On the whole, given these facts, an estimate of one year or less for Iran to obtain a nuclear weapon (assuming that it decided to proceed today) seems far more plausible than the recent Israeli estimates of 3 to 5 years.Indeed the Israeli estimates are so implausible that they would seem to be a cover designed to obscure the fact that the Israelis have given up trying to stop Iran from obtaining nuclear weapons.This seems to have been confirmed by a statement this week by Israeli Prime Minister Benjamin Netanyahu which basically said that it is up to the U.S. to stop Iran from getting nuclear weapons.
Just to be clear, the fact that Iran could quickly produce a nuclear weapon does not necessarily mean that it will do so right away.Indeed it seems far more likely that for the moment Iran will not.After all, why should it?Everything is currently going its way.Despite Western statements about how much Iran’s centrifuge enrichment effort has been disrupted and slowed, Iran is increasing the amount of 3.5% enriched uranium it is producing at the FEP (a 60% increase since 2009) and has begun the first step of converting this material into HEU by producing 20% enriched uranium at the PFEP.It could well be 2015 before Iran actually produces nuclear weapons but by that time we will be talking not about a nuclear weapon but rather nuclear weapons i.e. a full fledged nuclear arsenal.
We have gone through all this before.It was 1990 when the Bush administration said that it could no longer certify that Pakistan was a non-nuclear state but only in 1998 did Pakistan actually explode a nuclear weapon.Now Pakistan has an arsenal approaching 100 nuclear weapons and is producing fissile material for nuclear weapons at a rate faster than any other country in the world.At the same time we face the specter of the rise of radical Islam in Pakistan.This was most recently demonstrated by the assassination of the Governor of Punjab, Salman Taseer, for opposing Pakistan’s archaic blasphemy law.The assassin was Taseer’s own security guard.Tens of thousands of Pakistanis have demonstrated in support of the assassin.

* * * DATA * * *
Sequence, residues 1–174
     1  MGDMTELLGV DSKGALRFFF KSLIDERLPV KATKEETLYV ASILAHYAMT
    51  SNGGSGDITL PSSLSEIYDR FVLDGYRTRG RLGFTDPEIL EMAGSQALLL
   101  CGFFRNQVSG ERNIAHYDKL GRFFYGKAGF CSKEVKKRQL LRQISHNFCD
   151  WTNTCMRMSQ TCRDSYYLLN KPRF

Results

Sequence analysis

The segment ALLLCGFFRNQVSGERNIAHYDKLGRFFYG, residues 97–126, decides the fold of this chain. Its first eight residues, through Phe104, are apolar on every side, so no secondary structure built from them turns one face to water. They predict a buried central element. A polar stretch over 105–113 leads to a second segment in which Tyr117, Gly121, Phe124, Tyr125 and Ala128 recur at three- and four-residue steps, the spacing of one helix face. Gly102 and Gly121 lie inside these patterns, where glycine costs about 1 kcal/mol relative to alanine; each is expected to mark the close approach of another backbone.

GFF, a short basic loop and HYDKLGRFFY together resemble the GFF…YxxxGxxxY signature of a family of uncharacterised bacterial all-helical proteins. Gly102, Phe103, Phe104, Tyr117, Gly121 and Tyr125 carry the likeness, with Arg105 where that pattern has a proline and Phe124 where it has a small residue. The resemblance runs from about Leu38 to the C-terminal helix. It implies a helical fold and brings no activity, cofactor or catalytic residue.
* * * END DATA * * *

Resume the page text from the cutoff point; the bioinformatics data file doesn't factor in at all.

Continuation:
We tried a “kick the can down the road” strategy with North Korea as well. It was well understood that the 1994 Agreed Framework was not a solution to the problem of North Korean nuclear weapons (among other things it required South Korea to transfer U.S. origin nuclear technology to North Korea-something prohibited by U.S. law).The idea was to buy time since it was widely expected that by the year 2000, North Korea’s communist regime would have gone the way of those in Eastern Europe.But the communists in North Korea have proven far more resilient than expected, thanks in part to major assistance from China.It turns out that China does not mind North Korean nuclear weapons since they will likely land on South Korea, Japan or U.S. military forces.
Writing last month with Henry Sokolski, we said that the U.S. had run out of time to negotiate away the threat of Iranian nuclear weapons.Israel’s apparent surrender to the inevitability of Iranian nuclear weapons would seem to confirm this.It is time for the U.S. to admit that it has failed to prevent Iran from getting nuclear weapons and begin deciding what to do next.